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ERIC Number: ED346515
Record Type: Non-Journal
Publication Date: 1992-Mar
Pages: 17
Abstractor: N/A
Reference Count: N/A
Eloquence as Virtue in Ancient Theory.
Donovan, Brian R.
Plato attacked the sophists' claim that they taught "virtue," and he believed that rhetoric, which they taught, was not an "art." If the notions of virtue and art are brought together and integrated to constitute an antithesis, the sophistic position becomes more intelligible and defensible. The Greek term "arete," translated as "virtue," can be manifested either as excellence in a particular role or in the whole of living. The term "techne," which has been translated as "art," is better imagined as any distinctly specialized trade or craft. Thus the antithesis is between civic virtue and specialized technical skill. Long before Plato, and contrary to the Platonic view, Homer conceived of eloquence as both arete and techne. In both the "Iliad" and "Odyssey," Homer suggests that eloquence is not only a specialized skill, but also an integral part of overall human excellence. To Socrates and Plato, the technical knowledge of artisans was the only kind of ordinary human knowledge that was genuine. An examination of the first third of Plato's dialogue "Protagoras" shows how Plato obscures the issue by exploiting the flexibility of the two terms arete and techne, and by studied neglect of the intimate connection between teaching arete and techne rhetoric. Modern educators can admit both arete and techne on the basis of a larger view of eloquence as radically non-specialized and morally requisite for all in a democratic society. (Nineteen references are attached.) (SG)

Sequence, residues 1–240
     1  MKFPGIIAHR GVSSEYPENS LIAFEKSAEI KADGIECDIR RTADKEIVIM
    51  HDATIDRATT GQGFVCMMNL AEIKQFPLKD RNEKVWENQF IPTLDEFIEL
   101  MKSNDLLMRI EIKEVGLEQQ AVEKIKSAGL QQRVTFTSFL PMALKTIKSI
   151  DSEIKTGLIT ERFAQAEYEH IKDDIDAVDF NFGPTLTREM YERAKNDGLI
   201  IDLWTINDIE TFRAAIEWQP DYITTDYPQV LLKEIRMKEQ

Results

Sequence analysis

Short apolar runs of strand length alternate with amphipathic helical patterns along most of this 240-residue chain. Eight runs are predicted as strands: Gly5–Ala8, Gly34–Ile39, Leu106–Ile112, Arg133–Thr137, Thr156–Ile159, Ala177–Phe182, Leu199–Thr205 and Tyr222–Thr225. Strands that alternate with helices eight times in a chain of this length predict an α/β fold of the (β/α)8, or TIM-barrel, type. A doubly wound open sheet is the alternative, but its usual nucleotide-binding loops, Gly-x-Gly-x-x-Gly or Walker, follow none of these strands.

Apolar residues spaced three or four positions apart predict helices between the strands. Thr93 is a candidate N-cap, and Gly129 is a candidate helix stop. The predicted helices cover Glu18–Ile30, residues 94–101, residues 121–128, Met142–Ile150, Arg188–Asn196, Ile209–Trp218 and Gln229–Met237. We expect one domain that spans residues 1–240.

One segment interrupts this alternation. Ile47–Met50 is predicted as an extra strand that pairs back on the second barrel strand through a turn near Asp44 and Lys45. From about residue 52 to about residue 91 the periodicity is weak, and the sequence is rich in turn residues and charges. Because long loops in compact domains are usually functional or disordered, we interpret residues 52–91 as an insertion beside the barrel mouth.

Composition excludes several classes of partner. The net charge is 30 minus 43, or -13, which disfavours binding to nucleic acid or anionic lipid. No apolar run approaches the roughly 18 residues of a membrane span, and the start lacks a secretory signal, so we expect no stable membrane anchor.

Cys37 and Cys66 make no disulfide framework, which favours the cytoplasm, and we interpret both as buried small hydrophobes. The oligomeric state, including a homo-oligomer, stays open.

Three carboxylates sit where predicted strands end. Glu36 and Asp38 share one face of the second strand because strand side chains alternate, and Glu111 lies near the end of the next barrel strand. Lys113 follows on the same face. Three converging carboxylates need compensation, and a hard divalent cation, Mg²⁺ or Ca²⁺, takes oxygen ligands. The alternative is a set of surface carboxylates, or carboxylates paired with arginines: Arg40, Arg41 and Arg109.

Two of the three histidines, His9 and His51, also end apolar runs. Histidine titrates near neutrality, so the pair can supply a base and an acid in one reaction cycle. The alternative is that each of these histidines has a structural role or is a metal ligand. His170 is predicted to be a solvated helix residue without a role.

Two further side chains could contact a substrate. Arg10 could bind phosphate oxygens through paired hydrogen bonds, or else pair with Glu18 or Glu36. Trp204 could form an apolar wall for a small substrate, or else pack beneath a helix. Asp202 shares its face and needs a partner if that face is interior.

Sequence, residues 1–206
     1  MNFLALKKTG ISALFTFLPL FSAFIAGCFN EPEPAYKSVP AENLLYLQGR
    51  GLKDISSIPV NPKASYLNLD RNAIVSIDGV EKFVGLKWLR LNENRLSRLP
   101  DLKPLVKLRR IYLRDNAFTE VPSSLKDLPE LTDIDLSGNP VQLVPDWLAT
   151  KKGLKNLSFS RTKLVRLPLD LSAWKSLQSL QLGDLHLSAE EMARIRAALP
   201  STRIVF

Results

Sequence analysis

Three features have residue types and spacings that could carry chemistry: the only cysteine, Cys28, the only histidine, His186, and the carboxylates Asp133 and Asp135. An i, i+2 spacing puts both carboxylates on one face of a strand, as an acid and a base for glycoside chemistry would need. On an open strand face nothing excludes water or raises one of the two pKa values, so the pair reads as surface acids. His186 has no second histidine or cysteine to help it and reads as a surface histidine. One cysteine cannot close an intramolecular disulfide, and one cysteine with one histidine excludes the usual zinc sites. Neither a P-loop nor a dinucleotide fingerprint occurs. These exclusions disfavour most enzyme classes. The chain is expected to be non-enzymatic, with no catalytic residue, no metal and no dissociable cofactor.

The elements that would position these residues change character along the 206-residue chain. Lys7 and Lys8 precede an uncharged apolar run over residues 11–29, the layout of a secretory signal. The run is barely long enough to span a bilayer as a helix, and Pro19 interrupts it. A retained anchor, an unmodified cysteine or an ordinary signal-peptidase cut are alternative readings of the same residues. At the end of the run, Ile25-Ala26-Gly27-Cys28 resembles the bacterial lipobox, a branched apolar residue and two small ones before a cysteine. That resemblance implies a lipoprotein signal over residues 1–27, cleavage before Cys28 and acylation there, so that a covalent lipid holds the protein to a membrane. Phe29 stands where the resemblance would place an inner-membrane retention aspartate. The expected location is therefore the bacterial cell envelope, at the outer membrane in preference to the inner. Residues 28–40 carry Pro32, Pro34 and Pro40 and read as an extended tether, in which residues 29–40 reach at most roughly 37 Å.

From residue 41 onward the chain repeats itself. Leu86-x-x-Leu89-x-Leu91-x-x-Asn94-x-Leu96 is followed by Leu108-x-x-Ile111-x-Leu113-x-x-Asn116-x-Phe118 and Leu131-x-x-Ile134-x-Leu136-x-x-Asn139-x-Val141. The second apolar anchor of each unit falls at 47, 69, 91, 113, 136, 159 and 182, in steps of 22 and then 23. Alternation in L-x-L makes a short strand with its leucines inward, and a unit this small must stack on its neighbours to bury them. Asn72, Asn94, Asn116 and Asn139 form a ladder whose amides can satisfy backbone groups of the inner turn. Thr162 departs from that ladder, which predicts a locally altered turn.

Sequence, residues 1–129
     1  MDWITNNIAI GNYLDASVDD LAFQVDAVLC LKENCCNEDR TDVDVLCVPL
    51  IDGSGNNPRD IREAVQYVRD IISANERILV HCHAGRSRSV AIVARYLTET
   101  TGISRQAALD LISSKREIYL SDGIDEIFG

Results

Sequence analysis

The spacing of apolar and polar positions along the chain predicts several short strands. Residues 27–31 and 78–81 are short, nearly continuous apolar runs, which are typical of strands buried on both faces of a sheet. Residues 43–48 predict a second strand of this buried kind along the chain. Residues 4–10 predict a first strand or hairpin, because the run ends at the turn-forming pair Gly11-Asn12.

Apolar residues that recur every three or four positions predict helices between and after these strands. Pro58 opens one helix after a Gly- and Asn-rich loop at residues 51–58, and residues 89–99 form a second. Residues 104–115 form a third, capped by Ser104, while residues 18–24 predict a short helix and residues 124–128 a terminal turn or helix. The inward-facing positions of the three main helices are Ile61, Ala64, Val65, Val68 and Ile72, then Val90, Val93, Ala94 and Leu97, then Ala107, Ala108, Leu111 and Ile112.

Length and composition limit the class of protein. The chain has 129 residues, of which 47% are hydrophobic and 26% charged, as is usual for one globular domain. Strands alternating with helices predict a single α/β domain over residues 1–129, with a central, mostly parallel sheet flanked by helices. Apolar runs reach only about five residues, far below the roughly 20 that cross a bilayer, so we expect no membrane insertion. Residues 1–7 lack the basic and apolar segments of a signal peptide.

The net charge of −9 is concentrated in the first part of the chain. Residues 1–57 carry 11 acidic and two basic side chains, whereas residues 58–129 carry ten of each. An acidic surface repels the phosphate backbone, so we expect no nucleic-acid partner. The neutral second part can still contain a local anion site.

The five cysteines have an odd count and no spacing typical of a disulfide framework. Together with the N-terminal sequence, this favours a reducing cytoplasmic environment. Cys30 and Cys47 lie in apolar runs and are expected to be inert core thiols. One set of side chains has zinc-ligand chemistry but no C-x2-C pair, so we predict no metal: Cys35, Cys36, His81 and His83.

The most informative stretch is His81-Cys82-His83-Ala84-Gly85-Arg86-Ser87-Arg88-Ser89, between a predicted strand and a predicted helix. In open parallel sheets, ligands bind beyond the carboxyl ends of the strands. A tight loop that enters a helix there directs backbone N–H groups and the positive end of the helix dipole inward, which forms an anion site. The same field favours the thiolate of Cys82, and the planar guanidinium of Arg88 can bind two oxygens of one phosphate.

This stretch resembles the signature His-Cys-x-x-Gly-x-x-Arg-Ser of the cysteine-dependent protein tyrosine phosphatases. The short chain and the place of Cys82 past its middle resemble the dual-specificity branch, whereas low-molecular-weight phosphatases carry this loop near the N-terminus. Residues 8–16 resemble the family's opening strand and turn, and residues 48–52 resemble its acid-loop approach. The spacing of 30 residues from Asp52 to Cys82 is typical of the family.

Publication Type: Opinion Papers; Speeches/Meeting Papers
Education Level: N/A
Audience: N/A
Language: English
Sponsor: N/A
Authoring Institution: N/A